This post is a part of a Marian Virtue Series written by 12 different bloggers, If you are just joining the series now and want to learn more you can start here: Introduction to Marian Virtue Series. The series will conclude on the Feast of Our Lady of the Rosary.
Next Blog Article: Lively Faith at Not So Formulaic
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I love lists - my day starts off with a quickly jotted down 'to-do' list and I love when I get to cross off things throughout the day. I even write down the mundane things I need to do so that I can check off even more things. Eat lunch? Check.
So when Bethany asked me to join her in a series of posts that highlight the ten virtues of Mary, I was excited. A list! I was expecting to find a list of ten, unachievable virtues - a reminder that I was so very far away from holiness and nothing in comparison to the Blessed Mother. But I was surprised to find that I love this list of Marian virtues (and this series!) because it gives a road map of how I can grow closer to Christ one Marian virtue at a time.
To be completely honest with you, I am not the best person to be writing this post. In fact, I'm the person who needs to be reading and learning from a post on humility. I'm deficient in every one of the ten Marian virtues, but profound humility? You're talking to the woman who confesses pride every. single. time. in confession.
Saint Bernard of Clairvaux once was asked what were the three most important elements of the spiritual life and he replied, "Humility, humility, and humility."
We often think that humility is about thinking less of ourselves, or thinking that we are not worthy. But the reality is that humility is not thinking less of ourselves, but thinking of ourselves less.
And all of this sounds great in abstract terms, but holy smokes, it's hard to live out on a daily basis in my own life - the times that I've confessed pride can give that one away. So when it comes to concrete ways to nurture the virtue of humility, who better to turn to than the Blessed Mother?
In the Bible, when we're introduced to Mary at the Annunciation, her profound humility is recognizable right away. Can you imagine being in Mary’s shoes? The Angel Gabriel just appeared to her and told her, that despite her virginity, she was going to be the mother of the Savior of the World. But instead of getting a moment to process a huge life-altering announcement, Mary is instead asked to go visit her cousin Elizabeth - a woman who was once called barren but, through a chain of miraculous events, was expecting a baby, too.
I would have done a double take. Announce that I’m pregnant with GOD and then tell me to take a road trip? No thank you. And God wasn't asking Mary to just take a quick jog down the road. Tradition tells us that Elizabeth and Zechariah probably lived in or near the city of Hebron - which was nearly a 100 mile long trip from Nazareth. So it would have taken Mary about a week or longer to make the journey on foot.
Yet Mary wasn’t miffed about Elizabeth's pregnancy – granted, it helped that she was immaculately conceived and didn’t struggle with sin. But if I had been in her place, pride would have creeped into my heart. God has just been conceived in my womb, but I was being asked to go celebrate Elizabeth’s miraculous pregnancy?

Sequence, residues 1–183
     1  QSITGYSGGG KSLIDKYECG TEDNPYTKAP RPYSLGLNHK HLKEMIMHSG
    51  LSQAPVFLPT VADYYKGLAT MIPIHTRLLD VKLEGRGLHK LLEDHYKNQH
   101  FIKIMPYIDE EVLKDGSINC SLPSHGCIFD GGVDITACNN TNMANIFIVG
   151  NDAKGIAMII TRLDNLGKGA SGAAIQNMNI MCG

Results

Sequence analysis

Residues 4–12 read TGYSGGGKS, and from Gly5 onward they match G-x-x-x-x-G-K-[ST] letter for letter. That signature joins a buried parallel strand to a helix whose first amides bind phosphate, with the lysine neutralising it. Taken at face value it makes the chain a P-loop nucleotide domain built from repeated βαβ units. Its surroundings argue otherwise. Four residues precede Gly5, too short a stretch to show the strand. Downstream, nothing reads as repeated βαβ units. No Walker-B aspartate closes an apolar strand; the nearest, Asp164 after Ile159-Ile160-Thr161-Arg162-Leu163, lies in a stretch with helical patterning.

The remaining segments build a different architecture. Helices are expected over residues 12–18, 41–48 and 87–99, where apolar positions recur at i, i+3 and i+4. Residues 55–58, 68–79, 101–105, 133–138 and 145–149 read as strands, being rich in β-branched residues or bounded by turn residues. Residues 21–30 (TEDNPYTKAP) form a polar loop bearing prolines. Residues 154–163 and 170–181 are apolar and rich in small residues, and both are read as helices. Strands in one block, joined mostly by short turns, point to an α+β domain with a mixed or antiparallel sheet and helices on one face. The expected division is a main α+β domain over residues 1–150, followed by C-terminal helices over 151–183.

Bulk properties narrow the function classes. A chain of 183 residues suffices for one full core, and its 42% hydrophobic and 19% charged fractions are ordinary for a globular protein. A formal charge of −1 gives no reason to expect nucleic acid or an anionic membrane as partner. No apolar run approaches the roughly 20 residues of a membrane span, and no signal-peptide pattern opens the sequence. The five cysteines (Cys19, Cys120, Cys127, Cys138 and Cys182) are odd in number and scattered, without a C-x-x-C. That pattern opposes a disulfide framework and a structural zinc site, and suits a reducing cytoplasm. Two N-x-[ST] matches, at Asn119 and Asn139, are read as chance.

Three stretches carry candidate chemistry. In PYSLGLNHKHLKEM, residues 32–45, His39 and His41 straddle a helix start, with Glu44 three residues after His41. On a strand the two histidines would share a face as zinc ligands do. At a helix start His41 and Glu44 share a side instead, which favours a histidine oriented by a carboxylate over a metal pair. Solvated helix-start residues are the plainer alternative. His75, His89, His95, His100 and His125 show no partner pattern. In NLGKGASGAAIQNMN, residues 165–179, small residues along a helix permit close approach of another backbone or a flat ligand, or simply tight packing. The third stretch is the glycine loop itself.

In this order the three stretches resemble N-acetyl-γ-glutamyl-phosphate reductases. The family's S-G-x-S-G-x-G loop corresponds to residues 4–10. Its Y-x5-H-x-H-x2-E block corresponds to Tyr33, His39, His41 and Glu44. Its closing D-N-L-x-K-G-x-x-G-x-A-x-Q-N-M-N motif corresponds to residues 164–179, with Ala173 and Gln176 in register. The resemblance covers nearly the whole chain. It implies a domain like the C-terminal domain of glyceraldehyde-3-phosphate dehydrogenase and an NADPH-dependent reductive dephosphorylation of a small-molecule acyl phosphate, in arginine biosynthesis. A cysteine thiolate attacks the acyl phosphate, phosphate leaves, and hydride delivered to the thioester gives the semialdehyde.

But Mary wasn’t angry, jealous, or judgmental. She didn’t go to visit Elizabeth out of curiosity or to see if the Angel Gabriel was telling her the truth. Instead she humbly went to visit her cousin and celebrate her blessings.
Beautifully, Mary is rewarded for her humble acceptance of God’s will. When she reaches the end of her trip, Elizabeth greets her with humility, beautifully pausing to rejoice over Mary’s role as the Mother of God. Mary, who had made the journey with a mission to serve, found herself praised and blessed. Mary, who has thought of herself less and placed Elizabeth's joy before her own, is rewarded by God for her virtue.
I'm not going to lie. Humility is often a hard pill for me to swallow. But instead of being discouraged when I struggle with this virtue, I can turn to the Blessed Virgin. Like Saint Therese of Lisieux once said, "What a joy to remember that Mary is our mother! Since she loves us and knows our weakness, what have we to fear?"
Mother Mary, meek and humble, hear us! Lend us your heart. Help us to foster the virtue of humility in our everyday lives.
One lucky reader will win an 8” x 10” print which depicts Our Lady's "yes" to the angel Gabriel. It has a clean graphic style with a balance of soft and intense hues.
Congratulations to Allison G! Thank you for reading and entering the giveaway! Don't forget to check out the rest of the posts in this series!
Providential Co. is a little shop in Texas that seeks to share the beauty of the Gospel through thoughtfully designed and crafted goods and gifts. Tricia Dugat is a graphic designer, wife, mom and to the Catholic faith. She founded Providential Co. in 2016 with the hope of sharing the beauty of Christianity and providing customers with quality and craftsmanship – items to take along the journey of this or to give to the people they care about knowing they were made with thought and care.
Please support this amazing Catholic shop and continue to join us in this Marian Virtue Series.